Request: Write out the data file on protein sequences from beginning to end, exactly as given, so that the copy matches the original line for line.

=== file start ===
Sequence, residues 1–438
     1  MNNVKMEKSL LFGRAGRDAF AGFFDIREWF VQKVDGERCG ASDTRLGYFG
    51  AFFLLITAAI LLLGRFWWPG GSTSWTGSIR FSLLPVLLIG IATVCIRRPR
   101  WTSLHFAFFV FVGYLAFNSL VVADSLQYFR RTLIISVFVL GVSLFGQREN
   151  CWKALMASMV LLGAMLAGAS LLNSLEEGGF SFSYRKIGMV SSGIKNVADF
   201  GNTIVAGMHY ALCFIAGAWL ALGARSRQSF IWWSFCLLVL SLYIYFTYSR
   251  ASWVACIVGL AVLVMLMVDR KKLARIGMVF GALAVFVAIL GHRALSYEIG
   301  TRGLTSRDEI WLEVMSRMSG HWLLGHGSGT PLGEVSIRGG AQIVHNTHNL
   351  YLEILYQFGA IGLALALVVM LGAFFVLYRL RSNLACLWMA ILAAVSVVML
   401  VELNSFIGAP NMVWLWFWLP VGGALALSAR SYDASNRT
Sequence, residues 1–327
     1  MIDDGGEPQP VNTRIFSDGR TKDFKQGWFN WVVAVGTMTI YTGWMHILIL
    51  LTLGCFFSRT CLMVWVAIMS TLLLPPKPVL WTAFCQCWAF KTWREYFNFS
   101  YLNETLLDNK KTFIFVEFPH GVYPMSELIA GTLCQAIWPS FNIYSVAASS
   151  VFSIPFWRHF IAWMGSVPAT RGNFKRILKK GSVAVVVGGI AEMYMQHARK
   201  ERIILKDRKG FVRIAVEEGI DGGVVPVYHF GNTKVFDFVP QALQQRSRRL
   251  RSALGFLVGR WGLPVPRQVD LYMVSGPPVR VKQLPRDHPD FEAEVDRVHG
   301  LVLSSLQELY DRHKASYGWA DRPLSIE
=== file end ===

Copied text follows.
Sequence, residues 1–438
     1  MNNVKMEKSL LFGRAGRDAF AGFFDIREWF VQKVDGERCG ASDTRLGYFG
    51  AFFLLITAAI LLLGRFWWPG GSTSWTGSIR FSLLPVLLIG IATVCIRRPR
   101  WTSLHFAFFV FVGYLAFNSL VVADSLQYFR RTLIISVFVL GVSLFGQREN
   151  CWKALMASMV LLGAMLAGAS LLNSLEEGGF SFSYRKIGMV SSGIKNVADF
   201  GNTIVAGMHY ALCFIAGAWL ALGARSRQSF IWWSFCLLVL SLYIYFTYSR
   251  ASWVACIVGL AVLVMLMVDR KKLARIGMVF GALAVFVAIL GHRALSYEIG
   301  TRGLTSRDEI WLEVMSRMSG HWLLGHGSGT PLGEVSIRGG AQIVHNTHNL
   351  YLEILYQFGA IGLALALVVM LGAFFVLYRL RSNLACLWMA ILAAVSVVML
   401  VELNSFIGAP NMVWLWFWLP VGGALALSAR SYDASNRT
Sequence, residues 1–327
     1  MIDDGGEPQP VNTRIFSDGR TKDFKQGWFN WVVAVGTMTI YTGWMHILIL
    51  LTLGCFFSRT CLMVWVAIMS TLLLPPKPVL WTAFCQCWAF KTWREYFNFS
   101  YLNETLLDNK KTFIFVEFPH GVYPMSELIA GTLCQAIWPS FNIYSVAASS
   151  VFSIPFWRHF IAWMGSVPAT RGNFKRILKK GSVAVVVGGI AEMYMQHARK
   201  ERIILKDRKG FVRIAVEEGI DGGVVPVYHF GNTKVFDFVP QALQQRSRRL
   251  RSALGFLVGR WGLPVPRQVD LYMVSGPPVR VKQLPRDHPD FEAEVDRVHG
   301  LVLSSLQELY DRHKASYGWA DRPLSIE